After ascending a gully, I followed a slightly more worn “path” to the east (which matched descriptions that I’d read about the final traverse to the summit scramble), finally passing the first person I’d seen all day: a female mountain runner heading down from the summit. We exchanged the usual pleasantries and, after bringing up my lack of enthusiasm regarding the steep scree slope below the col, she kindly suggested a slightly better (though still sketchy) way down. I thanked her and we continued on our separate ways. A few minutes later, I ran into a male hiker also heading down from the summit. We stopped and chatted briefly. He’d been up at the summit since about sunrise–it was already around noon when I saw him–soaking in the beautiful weather and views while enjoying a summit beer. The mountain runner I’d passed earlier was the only person he’d seen all day as well. I continued on and smiled, knowing I’d have the fortune of an empty summit.
The “path” ended at a short fourth class pitch to the summit. I laid my trekking poles at the base of the pitch and scrambled up. It was 12:15 pm, just over four and half hours since I’d started out. I used the inReach to message Mack to let him know that I’d made it to the summit then wandered along the summit ridge to see what I could see. I was certain I could discern the North Cascades Highway far below to the east. It’s always amazing to see your entire route laid out before you. For me, at least, it almost always appears more difficult than it actually felt. I mean, had I really started all the way from that skinny little line snaking its way through the valley far below? I felt a tinge of pride, but, more than anything, I felt gratitude, especially toward this spectacular mountain who allowed me this beautiful day of climbing.
I stayed on the summit for an hour. I could see why the other hiker had chosen to stay even longer than that. Without my trusty Instagram husband to take pictures for me, I used my mini-tripod to capture some fun summit “selfies” (it’s still a selfie if it’s a self-timed shot, right?). My favorite shots though were of the surrounding mountains by themselves, without the interference of my presence. After one final round of gazing in admiration and amazement, I packed everything up again, scrambled down to my trekking poles, and picked my way back to the col. From there, I stayed a bit more to the left (climber’s right) and found more opportunities for scree skiing since it was deep enough that I wasn’t skidding across the slick rock as often. It still took me a solid 20 minutes to make it down to the snowfield, but from there I was gleefully running, knowing that I’d made it through the crux.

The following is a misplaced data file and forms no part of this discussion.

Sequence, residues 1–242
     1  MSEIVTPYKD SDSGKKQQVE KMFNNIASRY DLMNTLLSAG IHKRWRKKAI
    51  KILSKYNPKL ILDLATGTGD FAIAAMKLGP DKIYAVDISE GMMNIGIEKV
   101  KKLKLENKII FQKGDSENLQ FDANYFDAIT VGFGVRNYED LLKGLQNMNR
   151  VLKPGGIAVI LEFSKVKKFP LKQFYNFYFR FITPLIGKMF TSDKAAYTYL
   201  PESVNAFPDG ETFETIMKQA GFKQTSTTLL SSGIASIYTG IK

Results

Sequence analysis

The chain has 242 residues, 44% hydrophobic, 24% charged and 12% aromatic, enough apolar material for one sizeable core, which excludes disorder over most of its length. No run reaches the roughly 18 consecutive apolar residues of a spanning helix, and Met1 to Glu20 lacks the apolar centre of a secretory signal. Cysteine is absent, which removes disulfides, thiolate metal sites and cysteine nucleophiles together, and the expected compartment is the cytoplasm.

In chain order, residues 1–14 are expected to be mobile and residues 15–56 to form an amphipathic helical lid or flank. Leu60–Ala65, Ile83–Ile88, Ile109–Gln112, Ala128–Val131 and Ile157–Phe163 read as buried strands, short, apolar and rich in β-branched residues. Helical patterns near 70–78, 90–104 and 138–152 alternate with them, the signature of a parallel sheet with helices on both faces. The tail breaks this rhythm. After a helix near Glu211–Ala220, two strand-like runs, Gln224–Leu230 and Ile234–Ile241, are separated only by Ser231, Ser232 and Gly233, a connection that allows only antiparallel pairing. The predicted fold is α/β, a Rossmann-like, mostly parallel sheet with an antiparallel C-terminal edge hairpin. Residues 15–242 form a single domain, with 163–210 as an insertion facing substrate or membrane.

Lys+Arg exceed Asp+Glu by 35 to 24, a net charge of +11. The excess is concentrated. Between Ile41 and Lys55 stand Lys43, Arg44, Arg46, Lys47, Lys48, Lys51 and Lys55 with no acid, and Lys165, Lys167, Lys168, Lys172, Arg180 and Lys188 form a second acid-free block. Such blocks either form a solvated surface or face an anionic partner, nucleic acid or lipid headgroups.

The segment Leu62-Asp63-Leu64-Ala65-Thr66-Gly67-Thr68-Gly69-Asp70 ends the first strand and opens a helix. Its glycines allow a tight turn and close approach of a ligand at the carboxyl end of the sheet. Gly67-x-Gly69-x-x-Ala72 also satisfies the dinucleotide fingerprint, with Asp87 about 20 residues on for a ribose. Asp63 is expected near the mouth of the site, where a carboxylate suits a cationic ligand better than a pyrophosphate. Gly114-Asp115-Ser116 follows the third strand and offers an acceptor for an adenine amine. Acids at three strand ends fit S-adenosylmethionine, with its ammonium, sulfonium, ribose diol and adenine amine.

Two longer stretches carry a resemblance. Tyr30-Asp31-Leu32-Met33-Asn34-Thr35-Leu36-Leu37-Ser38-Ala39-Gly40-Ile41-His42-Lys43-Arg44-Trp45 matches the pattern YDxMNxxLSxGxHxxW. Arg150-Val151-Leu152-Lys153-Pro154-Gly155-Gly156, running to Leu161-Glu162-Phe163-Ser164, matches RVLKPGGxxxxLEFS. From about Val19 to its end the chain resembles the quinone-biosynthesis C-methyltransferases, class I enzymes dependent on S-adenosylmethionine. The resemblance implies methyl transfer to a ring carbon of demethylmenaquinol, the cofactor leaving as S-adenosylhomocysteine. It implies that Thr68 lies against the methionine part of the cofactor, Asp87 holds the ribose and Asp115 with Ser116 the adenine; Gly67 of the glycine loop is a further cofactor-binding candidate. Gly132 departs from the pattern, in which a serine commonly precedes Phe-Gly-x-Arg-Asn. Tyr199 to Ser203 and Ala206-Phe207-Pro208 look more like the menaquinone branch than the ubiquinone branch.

Once past the slow going loose rock of the moraine, I picked up my pace on the singletrack and even on some of the technical downhill leading to Lewis Lake, only once slamming my knee into a granite boulder (which I have a nice little scar as a result). My pace slowed again at the giant boulder field, especially since it was actually more uphill than downhill to get back to the Heather-Maple Pass loop trail. Rain clouds were building up behind me, but I was still in the clear.
Back on more well groomed trail following the boulder field, I finally got to do what felt like actual running. I took one more longing look at Black Peak as I crossed the meadow, still in awe that I’d been up there looking out on this spot just a couple short hours earlier. I smiled ‘goodbye’ and sped past the Heather-Maple pass junction, past the expected hordes of people, stopping occasionally for a photo here and there, but mainly just running, uninhibited and full of joy. And that’s how I finished my final North Cascades adventure of the summer, filled with joy, excitement, gratitude, an insatiable desire to return as soon as possible, and certainty that I would be back to share this adventure with Mack.